Accommodation in PerthshireShow/Hide Map
From some of the richest farmland in Scotland to the wild expanse of Rannoch Moor; the romantic waters of Loch Leven to the towering peak of Schiehallion; you will be invigorated by the fresh air and open space of Perthshire. There are many lovely towns as well as the cosmopolitan city of Perth.
Pitlochry, lying at the geographical heart of Scotland, is a lovely Victorian town that has the River Tummel Hydro Centre to tell you the history of Hydro electric power and see the amazing salmon ladder and the fish negotiating the dam as they swim upstream to breed. The Pitlochry Festival Theatre offers visitors the chance to see 6 plays in 6 days through the Summer or visit the House of Bruar for retail therapy at one of Scotland’s finest shopping experiences. The magnificent white Blair Castle is nearby and presents one of the finest settings in the heart of Highland Perthshire and has the only private army in the UK.
The area around Aberfeldy has the River Tay, Scotland’s longest river, as well as Europe’s oldest living thing - the Fortingall Yew tree. Superlatives do not stop there as the world’s tallest hedge can be found at Blairgowrie and the Birnam Oak truly makes Perthshire, the Big Tree Country.
The rich farmlands from the River Tay to the foothills of the Grampian mountains, especially around Blairgowrie, produce most of the UK’s raspberries and soft fruits. From here one can go to the high slopes of Glen Shee to the biggest ski resort in the UK and enjoy Summer and Winter activities.
The world famous hotel and golf course at Gleneagles is situated in South Perthshire and is only one of many fine golf courses which are of international standing making Perthshire a “must play” golf destination.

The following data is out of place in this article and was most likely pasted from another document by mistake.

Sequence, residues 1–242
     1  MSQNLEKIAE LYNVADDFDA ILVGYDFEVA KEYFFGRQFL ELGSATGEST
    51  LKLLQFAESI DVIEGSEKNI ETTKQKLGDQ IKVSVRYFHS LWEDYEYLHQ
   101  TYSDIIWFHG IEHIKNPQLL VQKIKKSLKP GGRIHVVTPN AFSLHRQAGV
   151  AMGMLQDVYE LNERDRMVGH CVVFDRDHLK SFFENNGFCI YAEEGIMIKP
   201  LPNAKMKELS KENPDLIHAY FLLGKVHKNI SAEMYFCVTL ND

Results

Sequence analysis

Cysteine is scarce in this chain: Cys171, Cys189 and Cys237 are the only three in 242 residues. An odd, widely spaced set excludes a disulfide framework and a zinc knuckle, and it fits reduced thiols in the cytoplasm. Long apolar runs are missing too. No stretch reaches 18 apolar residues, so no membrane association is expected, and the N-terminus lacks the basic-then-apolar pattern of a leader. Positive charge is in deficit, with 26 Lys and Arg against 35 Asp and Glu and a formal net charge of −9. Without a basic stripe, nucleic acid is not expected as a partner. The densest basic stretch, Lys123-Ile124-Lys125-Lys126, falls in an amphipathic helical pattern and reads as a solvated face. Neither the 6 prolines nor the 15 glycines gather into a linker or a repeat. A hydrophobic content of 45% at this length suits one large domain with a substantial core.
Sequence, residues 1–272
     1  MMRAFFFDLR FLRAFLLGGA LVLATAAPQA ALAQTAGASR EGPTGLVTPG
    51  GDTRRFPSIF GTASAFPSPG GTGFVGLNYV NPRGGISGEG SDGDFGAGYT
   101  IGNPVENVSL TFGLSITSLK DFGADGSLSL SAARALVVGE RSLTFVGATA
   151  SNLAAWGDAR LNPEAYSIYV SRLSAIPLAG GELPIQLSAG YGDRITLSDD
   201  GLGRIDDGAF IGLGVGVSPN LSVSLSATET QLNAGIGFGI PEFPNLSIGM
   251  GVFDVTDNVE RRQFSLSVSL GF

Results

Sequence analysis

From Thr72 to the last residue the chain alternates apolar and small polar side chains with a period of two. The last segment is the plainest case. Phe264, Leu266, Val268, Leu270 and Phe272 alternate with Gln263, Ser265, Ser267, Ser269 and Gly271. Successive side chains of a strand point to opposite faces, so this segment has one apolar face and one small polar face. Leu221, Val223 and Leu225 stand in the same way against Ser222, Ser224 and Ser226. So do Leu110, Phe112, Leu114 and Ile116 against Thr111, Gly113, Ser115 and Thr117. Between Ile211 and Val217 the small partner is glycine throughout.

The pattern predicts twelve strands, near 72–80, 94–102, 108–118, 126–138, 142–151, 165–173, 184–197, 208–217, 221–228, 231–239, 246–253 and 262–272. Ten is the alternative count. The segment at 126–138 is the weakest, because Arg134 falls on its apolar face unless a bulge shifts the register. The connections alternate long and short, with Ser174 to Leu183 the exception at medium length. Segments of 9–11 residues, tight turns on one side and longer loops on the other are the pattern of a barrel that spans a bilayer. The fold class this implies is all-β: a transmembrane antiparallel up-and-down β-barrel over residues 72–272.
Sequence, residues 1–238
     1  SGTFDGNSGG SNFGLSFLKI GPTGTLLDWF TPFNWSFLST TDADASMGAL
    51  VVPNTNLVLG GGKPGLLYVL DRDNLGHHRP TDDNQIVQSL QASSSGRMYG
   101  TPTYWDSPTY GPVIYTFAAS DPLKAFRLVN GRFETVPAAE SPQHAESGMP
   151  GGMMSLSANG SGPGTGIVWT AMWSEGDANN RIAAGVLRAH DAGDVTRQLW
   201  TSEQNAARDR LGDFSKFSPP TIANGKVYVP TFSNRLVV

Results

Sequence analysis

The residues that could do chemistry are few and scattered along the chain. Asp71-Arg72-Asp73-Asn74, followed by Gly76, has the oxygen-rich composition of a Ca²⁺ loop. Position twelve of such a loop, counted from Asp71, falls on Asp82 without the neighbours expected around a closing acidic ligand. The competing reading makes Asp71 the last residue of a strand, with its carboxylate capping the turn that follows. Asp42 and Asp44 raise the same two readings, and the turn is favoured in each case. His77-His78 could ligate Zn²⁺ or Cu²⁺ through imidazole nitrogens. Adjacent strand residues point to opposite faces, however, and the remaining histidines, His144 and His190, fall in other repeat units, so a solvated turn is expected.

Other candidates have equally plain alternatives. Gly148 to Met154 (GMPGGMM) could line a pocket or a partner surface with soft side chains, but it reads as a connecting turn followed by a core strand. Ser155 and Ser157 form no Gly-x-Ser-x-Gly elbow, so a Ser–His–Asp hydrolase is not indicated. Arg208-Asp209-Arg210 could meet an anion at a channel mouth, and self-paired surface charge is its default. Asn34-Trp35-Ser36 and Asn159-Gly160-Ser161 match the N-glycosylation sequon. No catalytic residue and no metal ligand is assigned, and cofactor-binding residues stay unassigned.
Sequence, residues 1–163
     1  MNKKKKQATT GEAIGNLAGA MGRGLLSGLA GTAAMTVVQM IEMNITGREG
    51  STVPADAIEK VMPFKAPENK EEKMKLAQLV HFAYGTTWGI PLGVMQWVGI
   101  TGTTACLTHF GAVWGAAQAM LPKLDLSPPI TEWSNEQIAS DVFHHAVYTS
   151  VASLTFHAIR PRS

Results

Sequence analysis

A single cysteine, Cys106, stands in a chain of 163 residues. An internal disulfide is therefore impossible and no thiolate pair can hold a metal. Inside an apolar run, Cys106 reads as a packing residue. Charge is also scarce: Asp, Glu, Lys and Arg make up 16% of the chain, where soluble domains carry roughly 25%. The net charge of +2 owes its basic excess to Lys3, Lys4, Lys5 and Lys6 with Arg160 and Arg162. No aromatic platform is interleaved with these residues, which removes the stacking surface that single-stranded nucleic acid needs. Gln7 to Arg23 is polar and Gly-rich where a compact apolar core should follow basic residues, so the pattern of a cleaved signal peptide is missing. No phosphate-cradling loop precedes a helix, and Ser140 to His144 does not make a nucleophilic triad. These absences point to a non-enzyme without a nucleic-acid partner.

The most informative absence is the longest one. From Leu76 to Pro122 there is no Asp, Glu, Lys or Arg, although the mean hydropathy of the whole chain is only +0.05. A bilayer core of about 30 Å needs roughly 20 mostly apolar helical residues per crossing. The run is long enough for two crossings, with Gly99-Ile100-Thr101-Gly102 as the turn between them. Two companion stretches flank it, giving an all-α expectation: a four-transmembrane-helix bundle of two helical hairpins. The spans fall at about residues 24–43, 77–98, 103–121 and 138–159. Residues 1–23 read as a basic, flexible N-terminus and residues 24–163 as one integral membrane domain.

The historic cathedral town of Dunkeld on the banks of the River Tay, lies near to the Loch of Lowes Wildlife Reserve where nesting ospreys can be viewed. The ruins of Dunkeld Cathedral dominate the town and it was the first ecclesiastical capital of Scotland. The sister town of Birnam on the opposite bank of the Tay has the Beatrix Potter Exhibition and Garden for the many fans of the author’s books.
Just outside Perth, Scone Palace occupies a unique position in the history of Scotland as the crowning place of the Kings of Scots. This palace is the rightful home of the celebrated Stone of Scone - also known as the Stone of Destiny – and is regarded as the historic jewel in the crown of Scotland.
Perth was once the capital of Scotland and sits in a stunning position beside the River Tay. It is a compact and accessible city with an air of fine culture with gardens, restaurants and a state-of–the-art Concert Hall. It has an international reputation for celebrating fine food inspired by the ‘Slow Food’ movement. Perth Racecourse is nearby as are the fine castles of Huntingtower and Balhousie.
Perthshire is where the Lowlands meet the Highlands and the visitor can be inspired by the diversity of this area. This is where the motorways of Britain end and you will see no more of them until you turn southwards after you have visited this area of great contrasts.